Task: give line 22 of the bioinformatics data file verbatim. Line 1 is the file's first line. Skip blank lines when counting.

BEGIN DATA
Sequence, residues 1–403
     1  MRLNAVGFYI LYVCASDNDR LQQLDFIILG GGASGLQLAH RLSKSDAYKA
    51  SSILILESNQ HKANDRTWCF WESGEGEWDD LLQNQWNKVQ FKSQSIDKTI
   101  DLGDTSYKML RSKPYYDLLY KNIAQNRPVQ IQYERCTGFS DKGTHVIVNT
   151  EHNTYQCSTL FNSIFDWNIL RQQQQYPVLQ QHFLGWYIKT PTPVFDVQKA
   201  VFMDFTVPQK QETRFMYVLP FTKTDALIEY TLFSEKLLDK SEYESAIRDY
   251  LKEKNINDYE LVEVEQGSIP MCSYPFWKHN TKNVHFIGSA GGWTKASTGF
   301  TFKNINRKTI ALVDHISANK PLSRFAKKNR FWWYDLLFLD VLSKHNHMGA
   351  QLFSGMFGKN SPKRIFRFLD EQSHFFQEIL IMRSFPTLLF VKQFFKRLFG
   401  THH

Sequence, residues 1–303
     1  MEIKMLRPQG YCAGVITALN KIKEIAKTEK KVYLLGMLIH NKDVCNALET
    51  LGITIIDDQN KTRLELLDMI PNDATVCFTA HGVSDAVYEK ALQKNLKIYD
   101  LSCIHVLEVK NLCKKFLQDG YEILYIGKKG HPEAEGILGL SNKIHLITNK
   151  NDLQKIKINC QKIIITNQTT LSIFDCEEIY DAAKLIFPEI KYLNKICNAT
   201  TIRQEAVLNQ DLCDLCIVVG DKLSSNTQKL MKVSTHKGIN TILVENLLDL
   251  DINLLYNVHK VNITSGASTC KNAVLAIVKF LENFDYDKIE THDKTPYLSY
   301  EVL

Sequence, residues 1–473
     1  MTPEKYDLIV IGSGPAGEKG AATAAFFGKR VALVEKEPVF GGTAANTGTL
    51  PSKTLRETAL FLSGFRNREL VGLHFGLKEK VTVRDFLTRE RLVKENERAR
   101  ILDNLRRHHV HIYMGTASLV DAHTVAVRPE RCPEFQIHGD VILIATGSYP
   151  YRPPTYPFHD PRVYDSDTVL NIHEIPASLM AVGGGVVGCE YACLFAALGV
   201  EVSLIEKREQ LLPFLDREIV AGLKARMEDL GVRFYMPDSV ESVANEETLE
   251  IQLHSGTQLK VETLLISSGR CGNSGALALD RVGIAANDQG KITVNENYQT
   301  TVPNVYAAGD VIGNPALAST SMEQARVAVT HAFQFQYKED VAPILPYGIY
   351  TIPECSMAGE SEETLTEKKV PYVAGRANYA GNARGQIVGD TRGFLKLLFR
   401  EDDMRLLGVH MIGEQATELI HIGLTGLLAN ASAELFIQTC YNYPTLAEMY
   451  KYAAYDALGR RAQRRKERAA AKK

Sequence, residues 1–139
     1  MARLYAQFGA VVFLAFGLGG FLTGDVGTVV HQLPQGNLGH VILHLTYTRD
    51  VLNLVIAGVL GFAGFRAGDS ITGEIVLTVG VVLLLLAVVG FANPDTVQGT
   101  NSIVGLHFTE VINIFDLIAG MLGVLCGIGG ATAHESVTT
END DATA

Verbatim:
   101  ILDNLRRHHV HIYMGTASLV DAHTVAVRPE RCPEFQIHGD VILIATGSYP